In the first issue, the entire second side is taken up with new "BoulderDash" screens. The second issue contains several demos and utilities. One of the demos is a non-playable version of a Polish game called "Valdgira", which features top-notch graphics and one of the most haunting tunes I've ever heard on my computer.
Mega Magazine is not PD, and it's copy-protected. It costs 3 pounds per issue, or 10 pounds for the first four issues. This includes postage and handling.
I've only seen the first side of the introductory issue. There isn't a lot of text, but most of it is in English. There's also an interesting variety of pro grams: a text adventure, a simple stock market simulation, something called "Omega Basic", and a nice piece of music. The best program, however, is called "Yamaha SX-7", which suggests it's a software emulation of a Yamaha keyboard. It allows you to program a rhythm, which then plays automatically while you tootle away at the keyboard. The only drawback is that the program's menus are not in English, but with some patience you'll be able to figure out how everything works. Side 2 apparently includes a game called Baal (based on the 16-bit game of the same name), and several demos.
The introductory issue is free, but subsequent issues will have to be purchased. The cost is 7.50 Dutch guilders, plus an additional 6.00 guilders for orders from outside Holland. (Sounds like a lot, but of course the actual cost will depend on the current exchange rate.)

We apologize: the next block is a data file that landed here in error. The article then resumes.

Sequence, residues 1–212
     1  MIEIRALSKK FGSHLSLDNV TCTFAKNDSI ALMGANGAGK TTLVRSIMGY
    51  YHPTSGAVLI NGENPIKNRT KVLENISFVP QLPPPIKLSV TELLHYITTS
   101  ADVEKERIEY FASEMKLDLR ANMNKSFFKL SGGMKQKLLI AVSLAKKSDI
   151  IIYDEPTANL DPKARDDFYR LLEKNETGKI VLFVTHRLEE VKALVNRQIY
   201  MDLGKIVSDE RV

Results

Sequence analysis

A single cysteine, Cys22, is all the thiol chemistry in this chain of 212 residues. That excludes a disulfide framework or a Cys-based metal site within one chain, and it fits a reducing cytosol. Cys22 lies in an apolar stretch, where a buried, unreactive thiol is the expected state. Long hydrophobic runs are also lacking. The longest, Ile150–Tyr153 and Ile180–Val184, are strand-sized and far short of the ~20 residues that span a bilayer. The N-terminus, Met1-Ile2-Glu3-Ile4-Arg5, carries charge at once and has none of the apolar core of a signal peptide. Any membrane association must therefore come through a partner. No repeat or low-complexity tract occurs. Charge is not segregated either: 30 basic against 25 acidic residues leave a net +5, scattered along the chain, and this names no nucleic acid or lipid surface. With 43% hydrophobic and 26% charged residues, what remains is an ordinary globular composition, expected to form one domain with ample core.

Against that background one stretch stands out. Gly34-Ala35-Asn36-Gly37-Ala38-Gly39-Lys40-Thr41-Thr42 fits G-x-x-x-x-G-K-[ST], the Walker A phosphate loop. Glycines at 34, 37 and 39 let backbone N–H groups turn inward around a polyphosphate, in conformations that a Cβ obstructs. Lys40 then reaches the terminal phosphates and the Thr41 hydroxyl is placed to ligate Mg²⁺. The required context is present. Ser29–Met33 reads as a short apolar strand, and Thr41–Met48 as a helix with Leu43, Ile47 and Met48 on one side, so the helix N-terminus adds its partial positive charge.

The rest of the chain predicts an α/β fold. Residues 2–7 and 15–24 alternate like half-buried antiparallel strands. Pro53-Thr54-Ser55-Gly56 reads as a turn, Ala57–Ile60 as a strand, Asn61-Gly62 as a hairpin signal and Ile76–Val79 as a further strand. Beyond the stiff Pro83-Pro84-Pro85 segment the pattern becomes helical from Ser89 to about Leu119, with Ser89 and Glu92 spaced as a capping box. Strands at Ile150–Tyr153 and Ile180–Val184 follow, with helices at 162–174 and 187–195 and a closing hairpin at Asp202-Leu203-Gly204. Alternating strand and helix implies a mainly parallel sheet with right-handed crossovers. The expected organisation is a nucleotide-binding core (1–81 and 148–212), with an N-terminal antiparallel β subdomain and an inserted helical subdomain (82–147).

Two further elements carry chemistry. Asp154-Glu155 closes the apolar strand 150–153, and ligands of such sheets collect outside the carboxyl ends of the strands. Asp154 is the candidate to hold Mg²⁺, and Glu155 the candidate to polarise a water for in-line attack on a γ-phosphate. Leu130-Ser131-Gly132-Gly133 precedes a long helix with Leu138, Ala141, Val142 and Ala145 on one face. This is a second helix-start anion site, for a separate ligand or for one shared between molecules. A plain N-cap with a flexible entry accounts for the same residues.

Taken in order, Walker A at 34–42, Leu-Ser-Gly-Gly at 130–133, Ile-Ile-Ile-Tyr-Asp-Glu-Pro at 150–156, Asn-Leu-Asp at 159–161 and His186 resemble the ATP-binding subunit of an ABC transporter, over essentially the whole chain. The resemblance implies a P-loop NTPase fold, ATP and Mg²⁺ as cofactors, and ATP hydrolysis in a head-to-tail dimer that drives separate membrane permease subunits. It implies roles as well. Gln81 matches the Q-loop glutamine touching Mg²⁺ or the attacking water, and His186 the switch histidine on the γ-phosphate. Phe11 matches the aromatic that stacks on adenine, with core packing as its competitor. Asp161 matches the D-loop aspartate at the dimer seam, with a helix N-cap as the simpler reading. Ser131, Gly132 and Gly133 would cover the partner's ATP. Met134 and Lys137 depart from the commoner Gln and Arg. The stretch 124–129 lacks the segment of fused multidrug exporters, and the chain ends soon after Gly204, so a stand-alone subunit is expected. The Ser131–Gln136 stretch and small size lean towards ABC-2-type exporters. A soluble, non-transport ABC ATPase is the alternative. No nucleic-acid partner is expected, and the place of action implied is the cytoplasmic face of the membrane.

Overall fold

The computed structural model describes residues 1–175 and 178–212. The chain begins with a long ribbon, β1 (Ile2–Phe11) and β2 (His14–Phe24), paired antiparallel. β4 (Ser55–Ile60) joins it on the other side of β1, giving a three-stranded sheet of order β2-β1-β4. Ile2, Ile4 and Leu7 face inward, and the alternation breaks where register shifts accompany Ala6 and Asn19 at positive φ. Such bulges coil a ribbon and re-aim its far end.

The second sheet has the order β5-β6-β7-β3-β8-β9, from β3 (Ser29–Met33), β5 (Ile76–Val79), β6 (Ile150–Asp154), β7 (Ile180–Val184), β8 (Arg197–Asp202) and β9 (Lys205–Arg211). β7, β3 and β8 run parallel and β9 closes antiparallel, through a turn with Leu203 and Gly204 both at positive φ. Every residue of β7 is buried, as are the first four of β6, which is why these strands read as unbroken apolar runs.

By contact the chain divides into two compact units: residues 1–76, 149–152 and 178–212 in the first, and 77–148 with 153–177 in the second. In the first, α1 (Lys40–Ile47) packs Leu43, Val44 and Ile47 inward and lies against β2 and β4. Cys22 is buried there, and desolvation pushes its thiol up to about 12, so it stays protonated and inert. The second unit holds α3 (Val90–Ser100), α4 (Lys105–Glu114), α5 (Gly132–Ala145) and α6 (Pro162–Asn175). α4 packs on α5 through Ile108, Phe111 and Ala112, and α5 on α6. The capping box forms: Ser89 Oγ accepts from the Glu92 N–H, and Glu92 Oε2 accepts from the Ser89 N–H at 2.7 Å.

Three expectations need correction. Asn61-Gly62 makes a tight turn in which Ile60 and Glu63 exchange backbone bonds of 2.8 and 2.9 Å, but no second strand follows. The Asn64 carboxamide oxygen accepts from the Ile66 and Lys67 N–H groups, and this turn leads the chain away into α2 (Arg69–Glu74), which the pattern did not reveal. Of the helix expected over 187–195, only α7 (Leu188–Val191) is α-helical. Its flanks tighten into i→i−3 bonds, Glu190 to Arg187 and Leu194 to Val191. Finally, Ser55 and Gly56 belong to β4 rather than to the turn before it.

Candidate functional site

Little Poetry Disks?
This isn't meant to be an exhaustive survey of disk magazines; I'm sure there are others out there. But hey, here's always room for more. Why not try creating one yourself? If you're interested in writing, consider it an inexpensive method of selfpublishing. In fact, it has always seemed to me that diskmags are the computer world's counterpart of little poetry magazines. Both tend to be produced by dedicated enthusiasts, and both tend to be rather ephemeral.
Keep in mind that self-publishing has an honorable history in the world of letters. There are many important writers and poets who, unable to find a publisher for their work, paid out of their own pocket to have their writings printed. Computer owners can do the same at a fraction of the cost, if they choose disk instead of paper.
You needn't be a progamming wizard, either. There are many available programs that do a good job of displaying text files. The documentation readers on many of the disks from the old ANTIC Catalog are a good example. Another is "Codesmith's Newsletter Reader", a PD program which facilitates the construction of a diskmag. Among its features are the use of pictures and different fonts.
If producing your own newsletter, or diskmag, or little poetry disk, seems daunting, you could still consider making a submission to an existing one. Most of those noted above welcome programs and articles from users. Get into diskmags and you'll soon discover that the Atari 8-bit scene is still rich with possibilities...
[Editor's Note: Tim Duarte, editor of the 2600 Connection, recently announced a new disk-based gaming magazine called "Classic 8-Bit Atari" intended as an entertainment resource containing all 8-bit games but no reviews or columns. BP]